Masimo Rad-57 Pulse Oximeter Not Working in Cold Weather – Fix


Well, folks, it’s that time of year again. Temperatures are dropping and it seems like my trusty Masimo Rad-57 pulse oximeter doesn’t want to work when I head outdoors!


If you’re like me and use one of these handy little devices to monitor your blood oxygen saturation (SpO2), you’ve probably noticed it struggles in colder weather. It’s frustrating when you rely on the readings to manage a health condition, only to have your device freak out when temperatures take a dip.

After troubleshooting my finicky Rad-57 for a few winter seasons now, I’ve learned some tips and tricks to try and get it working properly again in the cold.

Masimo Rad-57 Pulse Oximeter Not Working in Cold Weather

Masimo Rad-57 Pulse Oximeter Not Working in Cold Weather


I’ll share what I’ve discovered so hopefully you can avoid choking the thing in frustration!


We’ll cover:

  • What makes the Rad-57 sputter in cold weather?
  • Step-by-step troubleshooting tactics.
  • When it’s time to call in a professional.
  • Some common questions about these cold weather issues.
  • A few extra resources in case you need more info.

Armed with the right knowledge, we can outsmart our touchy pulse ox and get it to cooperate even when Old Man Winter comes knocking!

What is Masimo Rad-57?

Let’s start with an introduction in case you aren’t familiar with this device. The Rad-57 is a popular portable pulse oximeter used in hospitals, doctor’s offices, EMS vehicles, sleep labs, and home use.

Here’s a quick rundown of its stats:

  • About the size of a small walkie-talkie.
  • Runs on 2 AAA batteries.
  • Clips onto your fingertip to read SpO2 levels.
  • It gives pulse rate and perfusion index readings too.
  • The handy display screen shows the readings.
  • Useful for checking oxygen levels, breathing issues, heart rate, etc.

It’s a pretty slick little unit for monitoring key vital signs on the go. I use mine to keep an eye on oxygen saturation since I have a respiratory condition. Lots of folks use them for sleep apnea, COPD, checking patient vitals, or athletic performance.


The problem is, this gadget doesn’t like cold weather! When temperatures dMakesit starts acting up with on tolerance.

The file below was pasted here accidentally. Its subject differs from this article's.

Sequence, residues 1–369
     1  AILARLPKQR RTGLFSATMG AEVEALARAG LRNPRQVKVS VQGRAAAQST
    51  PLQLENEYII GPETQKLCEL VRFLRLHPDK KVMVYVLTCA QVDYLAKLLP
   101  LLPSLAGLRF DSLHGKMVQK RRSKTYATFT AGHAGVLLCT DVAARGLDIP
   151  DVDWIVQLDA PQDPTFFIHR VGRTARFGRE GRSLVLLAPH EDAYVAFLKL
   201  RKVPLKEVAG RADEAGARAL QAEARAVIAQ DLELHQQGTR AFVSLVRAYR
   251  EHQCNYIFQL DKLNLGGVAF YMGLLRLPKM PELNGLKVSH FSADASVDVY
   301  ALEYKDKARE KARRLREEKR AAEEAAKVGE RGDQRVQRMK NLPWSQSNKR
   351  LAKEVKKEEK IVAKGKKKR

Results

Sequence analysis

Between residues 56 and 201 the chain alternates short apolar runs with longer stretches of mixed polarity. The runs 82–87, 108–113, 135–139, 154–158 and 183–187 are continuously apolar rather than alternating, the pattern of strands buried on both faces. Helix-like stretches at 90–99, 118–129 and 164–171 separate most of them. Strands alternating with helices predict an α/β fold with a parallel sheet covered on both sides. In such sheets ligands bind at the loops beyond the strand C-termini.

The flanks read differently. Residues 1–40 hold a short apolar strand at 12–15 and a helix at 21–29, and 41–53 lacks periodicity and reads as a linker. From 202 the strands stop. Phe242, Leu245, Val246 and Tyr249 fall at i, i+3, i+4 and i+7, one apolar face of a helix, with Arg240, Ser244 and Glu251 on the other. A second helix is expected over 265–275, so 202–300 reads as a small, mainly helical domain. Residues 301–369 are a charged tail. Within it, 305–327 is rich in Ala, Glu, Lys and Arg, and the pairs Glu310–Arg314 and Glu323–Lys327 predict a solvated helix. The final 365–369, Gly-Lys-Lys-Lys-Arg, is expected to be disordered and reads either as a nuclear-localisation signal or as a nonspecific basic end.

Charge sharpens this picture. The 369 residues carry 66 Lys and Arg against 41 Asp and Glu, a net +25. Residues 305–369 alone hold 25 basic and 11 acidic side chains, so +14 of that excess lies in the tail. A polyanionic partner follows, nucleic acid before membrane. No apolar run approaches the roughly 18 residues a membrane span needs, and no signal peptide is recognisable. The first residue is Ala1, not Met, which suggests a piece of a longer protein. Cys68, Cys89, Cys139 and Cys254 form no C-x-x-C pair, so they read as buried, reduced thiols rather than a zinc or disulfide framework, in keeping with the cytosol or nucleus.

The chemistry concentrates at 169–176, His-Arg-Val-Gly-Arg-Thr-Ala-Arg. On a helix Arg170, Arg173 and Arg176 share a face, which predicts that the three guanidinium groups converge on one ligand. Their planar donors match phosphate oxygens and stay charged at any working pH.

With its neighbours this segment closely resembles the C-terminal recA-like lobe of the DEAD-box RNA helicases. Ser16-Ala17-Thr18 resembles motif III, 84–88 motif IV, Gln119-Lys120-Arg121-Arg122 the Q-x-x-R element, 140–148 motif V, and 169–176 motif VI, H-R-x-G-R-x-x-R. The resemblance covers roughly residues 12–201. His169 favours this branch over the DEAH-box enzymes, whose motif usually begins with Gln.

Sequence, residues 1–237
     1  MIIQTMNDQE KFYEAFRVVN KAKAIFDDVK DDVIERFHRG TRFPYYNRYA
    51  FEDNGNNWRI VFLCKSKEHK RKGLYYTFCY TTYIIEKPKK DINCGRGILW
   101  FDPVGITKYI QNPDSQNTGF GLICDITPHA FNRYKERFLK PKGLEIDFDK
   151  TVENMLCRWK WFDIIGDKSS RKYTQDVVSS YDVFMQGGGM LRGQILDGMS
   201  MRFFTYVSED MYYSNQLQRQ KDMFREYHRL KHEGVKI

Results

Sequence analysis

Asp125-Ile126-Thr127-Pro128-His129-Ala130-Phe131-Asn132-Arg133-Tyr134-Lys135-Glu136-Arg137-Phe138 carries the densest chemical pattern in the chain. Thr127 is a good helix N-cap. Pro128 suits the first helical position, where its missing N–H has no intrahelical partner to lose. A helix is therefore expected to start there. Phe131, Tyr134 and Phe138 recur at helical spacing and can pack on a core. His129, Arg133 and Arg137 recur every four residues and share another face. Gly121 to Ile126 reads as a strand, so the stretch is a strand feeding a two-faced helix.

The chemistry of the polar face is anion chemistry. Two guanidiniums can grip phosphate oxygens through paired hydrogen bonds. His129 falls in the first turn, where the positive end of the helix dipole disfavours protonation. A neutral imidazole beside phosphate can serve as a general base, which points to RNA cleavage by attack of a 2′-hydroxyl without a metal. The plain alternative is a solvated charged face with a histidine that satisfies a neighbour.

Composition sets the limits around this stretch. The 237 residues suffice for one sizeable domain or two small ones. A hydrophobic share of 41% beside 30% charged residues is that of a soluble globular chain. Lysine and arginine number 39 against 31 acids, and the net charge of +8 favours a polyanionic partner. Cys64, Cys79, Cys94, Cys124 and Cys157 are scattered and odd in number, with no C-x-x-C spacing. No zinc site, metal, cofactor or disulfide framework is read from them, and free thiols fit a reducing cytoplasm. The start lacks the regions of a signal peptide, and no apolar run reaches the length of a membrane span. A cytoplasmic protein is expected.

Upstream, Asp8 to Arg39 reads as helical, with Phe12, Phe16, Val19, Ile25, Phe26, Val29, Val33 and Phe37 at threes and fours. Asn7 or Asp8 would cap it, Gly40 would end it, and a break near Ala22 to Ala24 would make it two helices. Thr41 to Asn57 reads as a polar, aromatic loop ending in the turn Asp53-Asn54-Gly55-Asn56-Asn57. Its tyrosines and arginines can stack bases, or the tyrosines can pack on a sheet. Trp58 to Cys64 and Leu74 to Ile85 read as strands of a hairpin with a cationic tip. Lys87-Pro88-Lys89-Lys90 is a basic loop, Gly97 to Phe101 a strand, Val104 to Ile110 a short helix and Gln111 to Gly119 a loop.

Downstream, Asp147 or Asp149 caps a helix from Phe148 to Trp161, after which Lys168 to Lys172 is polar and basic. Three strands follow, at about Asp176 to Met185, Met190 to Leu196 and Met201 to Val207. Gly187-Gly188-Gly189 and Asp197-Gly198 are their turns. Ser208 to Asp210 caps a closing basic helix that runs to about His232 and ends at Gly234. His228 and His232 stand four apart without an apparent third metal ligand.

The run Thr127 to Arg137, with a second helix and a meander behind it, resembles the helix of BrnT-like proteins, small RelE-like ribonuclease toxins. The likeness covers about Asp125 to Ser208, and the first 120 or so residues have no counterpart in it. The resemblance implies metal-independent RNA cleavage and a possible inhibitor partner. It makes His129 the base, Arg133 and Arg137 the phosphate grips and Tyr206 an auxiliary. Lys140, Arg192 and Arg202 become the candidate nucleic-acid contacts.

Why Masimo Rad-57 Pulse Oximeter Not Working in Cold Weather?

Before we move on to solutions, it helps to understand exactly why our dear Rad-57 has a meltdown in chilly conditions. Here are a few ways good ol’ Mother Nature wreaks havoc:

  • Batteries drain faster: Cold saps battery life. My device eats through batteries twice as fast in winter shutdown batteries leading to erratic performance or sudden shutdown. Not cool (pun intended).
  • Sensors get affected: The optical sensor that reads SpO2 relies on blood flow. When blood vessels constrict from cold, the sensor doesn’t work as well. My readings tend to drop on really cold days.
  • Displays malfunction: Ever see your car dashboard digits go wonky in extreme cold? The same thing happens to the Rad-57’s display when temps plummet. Sections blank out or numbers jumble up. Brrrr!
  • Physical buttons and switches fail: Do you have trouble texting with gloved hands in winter? The mechanical buttons and switches inside the device can become sluggish and unresponsive in the cold too.
  • Condensation and moisture: Exposure to snow, rain, or condensation while outdoors can seep into the device around buttons, battery hatch, etc. leading to erratic function.

So in a nutshell, the cold impacts pretty much everything that makes the Rad-57 work! But take heart, with some tinkering we can get it back on track.

Step-By-Step Troubleshooting Guide to Fix Masimo Rad-57 Pulse Oximeter Not Working

When my recalcitrant pulse ox refuses to work in chilly weather, I break out my troubleshooting bag of tricks. Here are the steps I follow to try and resuscitate it:

  • Swap in Fresh Batteries

First things first – toss those tired batteries! Cold quickly kills off any lingering juice. I always keep spare AAA lithium or alkaline batteries on hand for winter Oximeter Rescue. The lithium batteries hold up best in freezing temps. Some people swear by keeping batteries warm in an inside pocket too. Give the new batteries a minute to acclimate before turning them on.

  • Warm It Up

If new batteries don’t coax a peep from your lifeless Rad-57, it needs a warming break. Bring it inside and let it rest for 20-30 minutes until it returns to room temperature. I’ll put mine on a heating pad or register vent to speed things up. This thawing-out period lets the internal components normalize.